Tuition & research a focal point

From left to right: Robert Kiley, Green Party; Rodger James, Progressive Conservative Party; John Gerretsen, Liberal Party; and Mary Rita Holland, New Democratic Party debate at Wallace Hall last night.
From left to right: Robert Kiley, Green Party; Rodger James, Progressive Conservative Party; John Gerretsen, Liberal Party; and Mary Rita Holland, New Democratic Party debate at Wallace Hall last night.
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Quality of education was a major talking point at the all-candidates debate in Wallace Hall last night.

Liberal incumbent John Gerretsen, NDP candidate Mary Rita Holland, Progressive Conservative candidate Rodger James and Green Party candidate Robert Kiley presented differing opinions on tuition fees, enrollment expansion in universities and colleges and privatized funding for research in post-secondary institutions.

Candidates discussed their views on affordable post-secondary tuition in the province. Kiley said due to increased tuition this year, the Green Party has plans to create scholarship programs aimed at lower-income families.

James said the Conservative party will look at the Ontario Student Assistance Plan (OSAP) to make it more readily available to those who need it.

Gerretsen said he wants to offer a reduction of up to 30 per cent for undergraduates’ university tuition.

“Every year, families of five out of six students will save $1,600 per student in university and $700 per student in college,” he said.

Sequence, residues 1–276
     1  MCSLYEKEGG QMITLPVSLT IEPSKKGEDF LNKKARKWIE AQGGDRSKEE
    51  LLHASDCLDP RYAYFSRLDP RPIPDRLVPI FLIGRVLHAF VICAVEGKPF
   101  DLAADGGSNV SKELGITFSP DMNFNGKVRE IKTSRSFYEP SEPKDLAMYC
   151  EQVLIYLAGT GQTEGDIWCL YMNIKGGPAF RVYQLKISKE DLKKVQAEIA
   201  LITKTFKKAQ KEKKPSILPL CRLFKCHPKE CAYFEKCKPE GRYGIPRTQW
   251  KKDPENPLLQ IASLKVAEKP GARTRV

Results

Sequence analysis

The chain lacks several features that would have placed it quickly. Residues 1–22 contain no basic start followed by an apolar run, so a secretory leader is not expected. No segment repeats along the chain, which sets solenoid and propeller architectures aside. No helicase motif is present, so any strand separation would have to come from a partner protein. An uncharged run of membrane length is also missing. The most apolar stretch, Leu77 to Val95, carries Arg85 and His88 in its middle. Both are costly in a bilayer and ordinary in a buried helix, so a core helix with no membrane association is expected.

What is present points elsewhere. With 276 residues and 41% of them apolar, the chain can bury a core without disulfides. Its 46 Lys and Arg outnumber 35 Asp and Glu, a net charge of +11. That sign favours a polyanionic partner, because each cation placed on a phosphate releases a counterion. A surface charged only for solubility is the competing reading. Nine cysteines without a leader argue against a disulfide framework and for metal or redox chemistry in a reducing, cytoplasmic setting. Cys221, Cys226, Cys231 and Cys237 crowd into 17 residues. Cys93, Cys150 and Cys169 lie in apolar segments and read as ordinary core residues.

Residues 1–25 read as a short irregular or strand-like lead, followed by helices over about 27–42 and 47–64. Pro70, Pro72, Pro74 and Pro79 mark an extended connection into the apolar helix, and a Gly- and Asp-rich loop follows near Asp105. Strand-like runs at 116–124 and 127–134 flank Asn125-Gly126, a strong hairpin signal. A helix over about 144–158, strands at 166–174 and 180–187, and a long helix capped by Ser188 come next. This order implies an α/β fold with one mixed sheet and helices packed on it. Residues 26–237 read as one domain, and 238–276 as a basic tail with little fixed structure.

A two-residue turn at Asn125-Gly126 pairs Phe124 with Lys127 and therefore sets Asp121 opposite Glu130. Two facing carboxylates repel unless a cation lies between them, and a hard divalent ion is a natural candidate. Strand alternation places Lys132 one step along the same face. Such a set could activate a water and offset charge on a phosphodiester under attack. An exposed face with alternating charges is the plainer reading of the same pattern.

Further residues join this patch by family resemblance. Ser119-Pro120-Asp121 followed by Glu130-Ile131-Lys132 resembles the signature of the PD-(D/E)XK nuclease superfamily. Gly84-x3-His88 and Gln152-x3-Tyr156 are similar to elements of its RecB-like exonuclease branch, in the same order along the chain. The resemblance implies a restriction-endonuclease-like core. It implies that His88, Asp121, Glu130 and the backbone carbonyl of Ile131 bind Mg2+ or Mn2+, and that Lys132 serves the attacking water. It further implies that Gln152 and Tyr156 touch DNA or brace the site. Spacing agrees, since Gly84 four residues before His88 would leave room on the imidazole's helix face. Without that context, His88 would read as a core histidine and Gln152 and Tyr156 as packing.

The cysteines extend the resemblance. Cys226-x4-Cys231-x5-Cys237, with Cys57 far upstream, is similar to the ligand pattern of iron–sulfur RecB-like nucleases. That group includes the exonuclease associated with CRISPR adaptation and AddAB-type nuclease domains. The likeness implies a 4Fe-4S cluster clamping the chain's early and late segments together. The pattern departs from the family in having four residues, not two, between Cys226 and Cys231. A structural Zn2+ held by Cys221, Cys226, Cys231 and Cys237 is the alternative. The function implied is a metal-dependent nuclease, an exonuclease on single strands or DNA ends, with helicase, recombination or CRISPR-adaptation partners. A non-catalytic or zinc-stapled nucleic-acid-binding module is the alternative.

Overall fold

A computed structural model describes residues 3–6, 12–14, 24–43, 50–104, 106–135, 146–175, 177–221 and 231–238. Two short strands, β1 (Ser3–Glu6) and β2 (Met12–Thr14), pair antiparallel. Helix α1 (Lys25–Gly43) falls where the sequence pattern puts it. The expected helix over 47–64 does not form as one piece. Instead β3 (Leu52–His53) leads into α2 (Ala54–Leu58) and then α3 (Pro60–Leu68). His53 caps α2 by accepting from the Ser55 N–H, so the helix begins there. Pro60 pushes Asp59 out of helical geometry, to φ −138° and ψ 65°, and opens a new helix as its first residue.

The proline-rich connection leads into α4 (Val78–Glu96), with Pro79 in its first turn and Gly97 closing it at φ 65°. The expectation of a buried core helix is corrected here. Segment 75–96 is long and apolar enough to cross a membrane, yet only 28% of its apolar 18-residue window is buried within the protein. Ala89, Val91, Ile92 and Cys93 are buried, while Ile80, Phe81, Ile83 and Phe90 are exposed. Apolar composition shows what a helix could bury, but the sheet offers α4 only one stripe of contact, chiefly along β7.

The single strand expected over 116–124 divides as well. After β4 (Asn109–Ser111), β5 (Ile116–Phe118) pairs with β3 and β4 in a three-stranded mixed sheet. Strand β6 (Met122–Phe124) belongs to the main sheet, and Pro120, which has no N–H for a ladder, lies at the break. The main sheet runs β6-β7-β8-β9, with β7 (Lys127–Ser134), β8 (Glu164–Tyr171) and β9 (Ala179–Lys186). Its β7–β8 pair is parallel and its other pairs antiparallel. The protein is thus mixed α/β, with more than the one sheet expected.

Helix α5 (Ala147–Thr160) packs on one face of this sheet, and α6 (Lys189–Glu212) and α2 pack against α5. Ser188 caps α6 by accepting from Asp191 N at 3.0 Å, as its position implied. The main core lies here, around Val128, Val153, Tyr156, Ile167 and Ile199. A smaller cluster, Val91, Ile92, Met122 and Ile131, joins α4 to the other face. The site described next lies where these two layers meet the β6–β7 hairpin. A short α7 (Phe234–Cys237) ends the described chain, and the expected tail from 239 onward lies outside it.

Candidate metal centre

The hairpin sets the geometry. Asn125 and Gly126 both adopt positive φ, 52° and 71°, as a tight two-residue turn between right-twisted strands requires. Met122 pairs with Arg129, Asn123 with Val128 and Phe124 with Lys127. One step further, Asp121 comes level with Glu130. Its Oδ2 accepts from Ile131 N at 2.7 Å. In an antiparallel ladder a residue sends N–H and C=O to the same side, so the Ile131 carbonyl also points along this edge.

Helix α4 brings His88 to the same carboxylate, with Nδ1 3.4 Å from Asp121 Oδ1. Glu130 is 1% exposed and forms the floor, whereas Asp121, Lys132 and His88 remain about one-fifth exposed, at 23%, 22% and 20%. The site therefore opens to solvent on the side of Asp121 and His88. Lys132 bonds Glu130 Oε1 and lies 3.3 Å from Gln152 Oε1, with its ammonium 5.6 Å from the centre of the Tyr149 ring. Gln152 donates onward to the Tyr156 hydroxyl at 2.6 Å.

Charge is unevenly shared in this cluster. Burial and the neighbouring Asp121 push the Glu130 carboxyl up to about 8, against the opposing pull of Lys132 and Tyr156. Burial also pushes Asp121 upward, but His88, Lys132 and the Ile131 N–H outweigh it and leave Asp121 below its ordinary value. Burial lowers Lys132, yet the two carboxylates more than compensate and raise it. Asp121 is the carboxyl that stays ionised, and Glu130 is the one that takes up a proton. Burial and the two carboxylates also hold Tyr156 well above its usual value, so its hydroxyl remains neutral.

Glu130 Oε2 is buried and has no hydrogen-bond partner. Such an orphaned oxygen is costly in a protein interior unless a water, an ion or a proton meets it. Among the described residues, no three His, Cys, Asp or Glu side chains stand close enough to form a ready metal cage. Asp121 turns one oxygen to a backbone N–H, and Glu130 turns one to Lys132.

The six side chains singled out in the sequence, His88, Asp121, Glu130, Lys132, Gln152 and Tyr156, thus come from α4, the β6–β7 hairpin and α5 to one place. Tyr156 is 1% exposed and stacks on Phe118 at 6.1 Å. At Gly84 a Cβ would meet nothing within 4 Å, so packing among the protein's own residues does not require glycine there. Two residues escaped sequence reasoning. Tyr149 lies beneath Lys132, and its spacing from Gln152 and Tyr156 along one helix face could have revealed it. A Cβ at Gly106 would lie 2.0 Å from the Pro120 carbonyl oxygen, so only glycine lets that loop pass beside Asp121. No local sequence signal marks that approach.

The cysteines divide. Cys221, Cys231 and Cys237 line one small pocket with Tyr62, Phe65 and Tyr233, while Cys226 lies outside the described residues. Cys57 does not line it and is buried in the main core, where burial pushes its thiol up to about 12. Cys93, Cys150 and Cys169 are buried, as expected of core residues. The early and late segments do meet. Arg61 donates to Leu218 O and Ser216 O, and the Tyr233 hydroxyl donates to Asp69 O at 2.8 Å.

The only people who won’t be eligible for a reduction, Gerretsen said, are students whose parents earn more than $160,000 per year.

Holland said the NDP wants to cap tuition fees and freeze them in order to ensure tuition becomes more affordable.

When asked about expanding the number of spots in colleges and universities, Gerretsen, James, and Kiley stood behind increasing enrolment.

Gerretsen said he’s proud the Liberal government has been able to send 200,000 more students into college, university and apprenticeship programs compared to eight years ago.

James said careful reorganization is necessary to deal with increasing class sizes and decreasing numbers of faculty members. Holland, however, disagreed with expanding the number of spaces in universities.

“There’s a lot we can do that doesn’t involve opening spaces and taking their tuition money for people who can’t afford their education,” she said.

Kiley said the current discrepancy between growing class sizes and shrinking faculty numbers can be solved by having donors contribute a minimum of $5,000 per year to funds for post-secondary institutions.

“When we have smaller class sizes, then students are learning the most,” he said.

Candidates were asked about their perspective on funding for international students.

While Gerretsen, Holland and Kiley agreed that international students should be integrated into Canada and allotted funding for scholarships, grants and research, James said the Progressive Conservative party wants to invest in students from Ontario instead.

“[International students] should be funded on their own. Money is money and Ontario doesn’t have a lot of it,” he said.

Both Holland and James were against the privatization of research in post-secondary institutions.

“We can’t have McCain [Foods] sponsoring research in biology and expect that the results are going to be non-biased,” Holland said.

The Liberal and Green party candidates argued that private funds are necessary in order for research to be completed.

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